Huba explained that Emerson and Wurldtech's present security efforts for DeltaV are focused on perimeter protection, where intrusions can come via serial, Ethernet, wireless and Level 3 interfaces. He added that serial security is fairly simple because serial interfaces—such as Modbus RTU, Profibus DP, DeviceNet, Foundation fieldbus and others—are generally implemented in closed, proprietary systems. Likewise, securing Ethernet is easier because real-time Ethernet interfaces—such as Modbus TCP/IP, Profinet and EtherNet/IP and others—go through VIMs (virtual I/O modules) and are considered secure. And wireless security is relatively easy because IEC 62591 field wireless security is accepted by even the toughest IT departments.

"Level 3 is what we're most concerned about now because problems can come from above when users connect to their plant's local area network," said Huba. "The solution is to use secure web services like OPC Xi and install a firewall. Emerson has added OPC Xi tools from the OPC Foundation to aid security because they are firewall-friendly, allow specifically configured client connections and are encrypted."

In addition, the Emerson Smart Firewall's primary functions that will not require any security expertise include:

  • Boots locked out of the box.
  • Easy setup of permitted communications.
  • Communication only allow through recognized secure services.
  • Packet inspection for added security.

"Firewalls can be tricky because many allow the world to come in unsolicited, and then they differentiate and decide what data to allow in," explained Huba. "In our cause, we're not letting in everything, and this will make things less complex. For example, setup for Emerson Smart Firewall will use a web interface that's built right into the firewall and then allow users to point and click to establish connections, select secure services they want to employ and then pick the specific workstations that will use them."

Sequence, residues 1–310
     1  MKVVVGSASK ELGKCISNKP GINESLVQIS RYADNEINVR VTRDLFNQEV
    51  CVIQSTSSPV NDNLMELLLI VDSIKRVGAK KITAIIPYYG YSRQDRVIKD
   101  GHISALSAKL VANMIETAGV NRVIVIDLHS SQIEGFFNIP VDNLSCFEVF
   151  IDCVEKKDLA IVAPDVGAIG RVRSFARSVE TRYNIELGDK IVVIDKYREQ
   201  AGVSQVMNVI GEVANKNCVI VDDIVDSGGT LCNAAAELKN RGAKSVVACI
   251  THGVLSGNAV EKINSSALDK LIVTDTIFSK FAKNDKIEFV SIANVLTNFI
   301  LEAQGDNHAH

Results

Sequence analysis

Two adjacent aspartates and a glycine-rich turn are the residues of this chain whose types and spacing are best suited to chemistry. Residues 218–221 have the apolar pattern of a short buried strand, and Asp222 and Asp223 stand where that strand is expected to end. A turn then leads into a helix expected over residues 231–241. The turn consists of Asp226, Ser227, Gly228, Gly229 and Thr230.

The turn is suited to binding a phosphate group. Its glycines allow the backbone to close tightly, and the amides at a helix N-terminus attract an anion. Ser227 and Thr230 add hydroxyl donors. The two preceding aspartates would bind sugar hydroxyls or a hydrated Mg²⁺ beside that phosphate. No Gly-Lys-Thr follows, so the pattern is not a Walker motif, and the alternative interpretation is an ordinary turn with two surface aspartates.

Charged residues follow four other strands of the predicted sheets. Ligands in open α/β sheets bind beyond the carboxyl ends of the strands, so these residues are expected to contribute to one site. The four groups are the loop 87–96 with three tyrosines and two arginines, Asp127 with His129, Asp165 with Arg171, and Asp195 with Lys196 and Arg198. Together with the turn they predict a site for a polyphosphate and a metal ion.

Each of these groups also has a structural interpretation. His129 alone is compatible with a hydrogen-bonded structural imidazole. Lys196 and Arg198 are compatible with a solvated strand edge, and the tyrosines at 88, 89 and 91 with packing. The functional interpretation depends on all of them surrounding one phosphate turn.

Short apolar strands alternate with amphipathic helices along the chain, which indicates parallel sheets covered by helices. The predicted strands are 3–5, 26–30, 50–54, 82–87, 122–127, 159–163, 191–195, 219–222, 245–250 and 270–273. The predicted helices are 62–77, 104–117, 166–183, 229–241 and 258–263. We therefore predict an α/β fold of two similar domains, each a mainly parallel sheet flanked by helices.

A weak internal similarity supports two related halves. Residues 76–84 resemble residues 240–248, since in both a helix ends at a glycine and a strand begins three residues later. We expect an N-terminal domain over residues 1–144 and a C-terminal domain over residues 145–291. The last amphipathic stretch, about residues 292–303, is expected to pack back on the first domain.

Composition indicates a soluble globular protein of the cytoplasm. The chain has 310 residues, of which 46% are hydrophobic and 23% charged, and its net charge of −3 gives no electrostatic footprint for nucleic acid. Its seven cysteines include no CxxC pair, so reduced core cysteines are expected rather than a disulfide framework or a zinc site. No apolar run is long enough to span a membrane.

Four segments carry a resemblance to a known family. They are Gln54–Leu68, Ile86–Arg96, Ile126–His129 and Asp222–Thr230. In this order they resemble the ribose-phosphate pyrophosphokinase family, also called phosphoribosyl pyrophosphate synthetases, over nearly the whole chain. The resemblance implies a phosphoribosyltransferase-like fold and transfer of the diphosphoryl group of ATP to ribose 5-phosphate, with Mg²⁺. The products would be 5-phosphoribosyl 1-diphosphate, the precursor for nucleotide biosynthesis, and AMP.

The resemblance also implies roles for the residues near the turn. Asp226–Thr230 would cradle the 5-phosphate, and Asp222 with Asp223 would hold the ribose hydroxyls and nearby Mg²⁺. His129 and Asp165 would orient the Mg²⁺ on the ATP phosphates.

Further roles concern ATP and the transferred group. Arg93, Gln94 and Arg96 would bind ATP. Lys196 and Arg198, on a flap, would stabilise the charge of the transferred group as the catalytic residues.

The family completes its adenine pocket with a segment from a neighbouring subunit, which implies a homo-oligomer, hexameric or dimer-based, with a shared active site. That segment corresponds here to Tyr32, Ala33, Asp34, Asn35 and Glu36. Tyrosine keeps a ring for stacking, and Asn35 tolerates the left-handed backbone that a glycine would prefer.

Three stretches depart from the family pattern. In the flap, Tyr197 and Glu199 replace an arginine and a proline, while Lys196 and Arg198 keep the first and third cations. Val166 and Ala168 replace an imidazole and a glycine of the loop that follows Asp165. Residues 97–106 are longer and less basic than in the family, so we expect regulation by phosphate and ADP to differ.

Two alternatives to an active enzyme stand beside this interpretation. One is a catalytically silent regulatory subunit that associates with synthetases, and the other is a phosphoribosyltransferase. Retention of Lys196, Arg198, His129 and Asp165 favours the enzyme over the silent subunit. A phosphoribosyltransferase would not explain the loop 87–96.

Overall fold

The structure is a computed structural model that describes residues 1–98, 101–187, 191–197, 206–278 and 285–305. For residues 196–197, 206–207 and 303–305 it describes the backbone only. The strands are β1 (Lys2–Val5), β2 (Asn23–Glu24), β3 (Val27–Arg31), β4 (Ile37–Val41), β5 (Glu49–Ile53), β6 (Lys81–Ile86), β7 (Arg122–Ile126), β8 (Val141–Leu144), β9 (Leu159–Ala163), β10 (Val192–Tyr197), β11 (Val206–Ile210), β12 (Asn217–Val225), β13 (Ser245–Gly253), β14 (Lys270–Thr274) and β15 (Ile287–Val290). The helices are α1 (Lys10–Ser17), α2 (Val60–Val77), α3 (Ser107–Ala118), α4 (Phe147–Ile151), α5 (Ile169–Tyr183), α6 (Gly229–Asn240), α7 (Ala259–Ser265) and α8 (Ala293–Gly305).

Also, Emerson Smart Firewall will eliminate the need for IT to support to maintain DeltaV's security by performing updates via Guardian Service that mitigates security risks without jeopardizing system availability. "Users can access security experts, so they don't have to do it," said Kube. "Wurldtech monitors the global threat landscape, identifies those with the potential to impact DeltaV's environment, and then crafts rule-sets to protect at-risk systems, validates for system compatibility and forwards the results to Guardian for deployment. Because we're working directly with Emerson, we can do even more, including more data packet inspections and pushing fixes up to the firewall. "

While most firewalls have policy-based rules that govern the ports and other addresses where data packets can originate, this only mitigates problems in the head portion of those packets. As a result, policy-based firewalls can miss problem in the tail section or payload of data packets. "This is why signature-based firewalls are emerging to check what data packets are saying and see if it's bad stuff," added Kube. "Smart Firewall will let users see where they're pulling data from and push their firewall up to the perimeter of their systems."